Surprising:  There were a surprising number of temper tantrums, more typical of a short track like Martinsville than the mile and a half at Kansas. Tempers flared between Danica Patrick and Landon Cassill, as they did between Kyle Busch and Ryan Newman.

Patrick, in her No. 10 Chevrolet actually took herself out on lap 155 as a result of her on-track tiff with the driver of the No. 83 Burger King Toyota.

“I have just been really frustrated with the No. 83,” Patrick said. “It’s been pretty consistent with him getting into me.”

“So, at some point in time, I have to stand up for myself,” Patrick continued. “The bummer is I’m out of the race and he’s not.”

Patrick finished 32nd, while Cassill brought home his race car for a much better 18th place finish.

Kyle Busch, in the No. 18 M&M’s Halloween Toyota, finished 31st after a scuffle with the driver of the No. 39 Code 3 Associates Chevrolet. And this one might result in some payback as the 2012 season winds down.

“Everything is just on edge,” Busch said. “Newman just ran up on the back of me and got me loose.”

“So, just impatience,” Busch continued. “I’m glad he’s wrecked along with me and he’ll get another one here before the year is out.”

Not Surprising:  With his crew chief back after suspension, it was not surprising for this driver to pull off a top five finish. In fact, Paul Menard, in the No. 27 Certainteed Insulation/Menards Chevrolet, finished third at Kansas.

“We had Slugger (Labbe, crew chief) back this weekend,” Menard said. “He is well rested after six weeks off and had some good ideas to try this weekend.”

“We had a good car,” Menard continued. “It was just a matter of getting us up there.”

Surprising:  The ‘uh oh’ uttered by Hendrick Motorsports teammate Jeff Gordon surprisingly captured the moment late in the race for Kasey Kahne, driver of the No. 5 Farmers Insurance Chevrolet.

Kahne, who started out on the pole after shattering the track qualifying record, had a chance to win before he shut off his engine during a caution in an attempt to save fuel.

As a result, he lost several spots on the race track before getting his car back up to minimum speed, managing  a fourth place finish instead of that oh-so-close victory.

“It just wouldn’t re-fire,” Kahne said after the race. “Disappointing.”

“It was coming to me at the end,” Kahne continued. “We just weren’t close enough at that point in time.”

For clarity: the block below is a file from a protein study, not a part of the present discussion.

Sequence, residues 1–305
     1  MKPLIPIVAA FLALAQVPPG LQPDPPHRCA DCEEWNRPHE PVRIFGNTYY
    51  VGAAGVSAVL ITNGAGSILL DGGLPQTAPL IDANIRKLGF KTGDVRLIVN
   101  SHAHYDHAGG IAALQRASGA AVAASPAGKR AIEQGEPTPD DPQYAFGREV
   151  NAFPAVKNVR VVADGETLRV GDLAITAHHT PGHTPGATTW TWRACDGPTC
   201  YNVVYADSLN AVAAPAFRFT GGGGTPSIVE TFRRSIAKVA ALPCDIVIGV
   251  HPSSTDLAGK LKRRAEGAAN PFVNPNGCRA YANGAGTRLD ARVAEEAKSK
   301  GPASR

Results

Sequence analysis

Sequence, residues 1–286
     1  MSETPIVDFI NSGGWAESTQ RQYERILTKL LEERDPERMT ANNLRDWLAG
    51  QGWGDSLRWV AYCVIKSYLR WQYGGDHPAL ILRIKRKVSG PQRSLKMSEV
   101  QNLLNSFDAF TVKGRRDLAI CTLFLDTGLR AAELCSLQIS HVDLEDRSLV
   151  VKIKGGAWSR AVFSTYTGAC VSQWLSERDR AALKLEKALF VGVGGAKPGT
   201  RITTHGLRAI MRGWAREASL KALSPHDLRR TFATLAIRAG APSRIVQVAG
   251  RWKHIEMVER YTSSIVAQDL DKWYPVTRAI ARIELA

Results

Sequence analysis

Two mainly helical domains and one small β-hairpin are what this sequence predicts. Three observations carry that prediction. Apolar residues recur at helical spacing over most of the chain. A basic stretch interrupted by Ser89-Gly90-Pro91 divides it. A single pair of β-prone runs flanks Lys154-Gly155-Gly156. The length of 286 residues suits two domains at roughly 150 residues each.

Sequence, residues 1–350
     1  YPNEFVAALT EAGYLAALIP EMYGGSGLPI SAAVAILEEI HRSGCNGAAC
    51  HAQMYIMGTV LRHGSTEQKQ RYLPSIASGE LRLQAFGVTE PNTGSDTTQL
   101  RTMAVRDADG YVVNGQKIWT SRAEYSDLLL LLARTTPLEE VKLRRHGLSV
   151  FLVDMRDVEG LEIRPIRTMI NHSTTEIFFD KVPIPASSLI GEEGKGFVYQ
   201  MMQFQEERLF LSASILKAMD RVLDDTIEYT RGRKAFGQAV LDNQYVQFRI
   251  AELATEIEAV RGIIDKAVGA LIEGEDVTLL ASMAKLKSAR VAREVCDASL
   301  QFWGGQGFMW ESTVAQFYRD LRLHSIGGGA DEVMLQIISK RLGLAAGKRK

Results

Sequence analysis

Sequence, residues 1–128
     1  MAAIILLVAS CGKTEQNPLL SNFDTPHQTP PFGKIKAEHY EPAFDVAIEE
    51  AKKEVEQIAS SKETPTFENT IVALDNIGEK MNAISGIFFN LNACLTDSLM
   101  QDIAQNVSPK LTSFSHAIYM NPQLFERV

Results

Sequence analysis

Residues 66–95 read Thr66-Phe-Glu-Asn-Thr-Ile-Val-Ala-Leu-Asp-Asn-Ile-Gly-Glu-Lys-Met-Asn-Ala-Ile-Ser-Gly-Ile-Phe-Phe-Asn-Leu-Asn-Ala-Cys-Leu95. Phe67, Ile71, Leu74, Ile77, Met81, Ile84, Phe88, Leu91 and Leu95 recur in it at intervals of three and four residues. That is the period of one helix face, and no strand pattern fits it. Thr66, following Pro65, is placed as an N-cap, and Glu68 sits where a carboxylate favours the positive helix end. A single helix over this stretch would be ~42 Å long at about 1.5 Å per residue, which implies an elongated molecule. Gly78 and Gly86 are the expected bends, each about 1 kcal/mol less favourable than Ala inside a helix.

Not Surprising:  From telling his team to get their heads out of their ‘expletive’ to praising them effusively after the race, Tony Stewart did, in his own words, have ‘an eventful day.’

The driver of the No. 14 Office Depot/Mobil 1 Chevrolet started 33rd, had to overcome a pit stop where his crew left a wrench in the car, battled an incident with Jeff Burton and a spin to finish fifth.

This was Smoke’s sixth top-five in Sprint Cup starts at Kansas, pre and post repaving, having to pass 74 cars during the race to do so.

“We had some stuff to deal with, but our guys never gave up,” Stewart said. “We probably had to pass more cars than anybody today, but that seems to be our MO.”

“That’s how we won a championship last year, by never giving up.”

Surprising:  While there was a surprising bit of a confusion on the part of team owner Rick Hendrick about the status of Dale Earnhardt Junior’s return to the race car (and he will return at Martinsville), substitute driver Regan Smith was feeling surprisingly right at home in the No. 88 National Guard/Diet Mountain Dew Chevrolet.

In fact, Smith felt so much at home that he finished top-ten, in the seventh position.

“It’s been nice to be able to step in and have them treat me like a normal driver,” Smith said. “I know Dale (Earnhardt, Jr.) is excited to get back so that is going to be good for him.”

“Looking forward to whatever comes next for me.”

Not Surprising:  The other drivers in new seats struggled on the newly repaved Kansas track. Kurt Busch, in the No. 78 Furniture Row/Farm American Chevrolet, finished 25th and A.J. Allmendinger, in the No. 51 Phoenix Construction Chevrolet, finished even further back in 35th.

But not surprisingly, both drivers and teams looked on the bright side of life in spite of the wrecks and results.

“Kurt Busch showed all of us today what an impressive driver he is,” Todd Berrier, crew chief, said. “It was the performance that counted today, not the finishing result.”

“The car was fast and we were running well,” Allmendinger said. “Tried to save it and I feel bad.”

“I hope I’m in the car next week, but if not, it’s meant the world to get back to the sport,” Dinger continued. “I love the sport.”

The views and opinions expressed in this article are those of the author and do not necessarily reflect the official policy or position of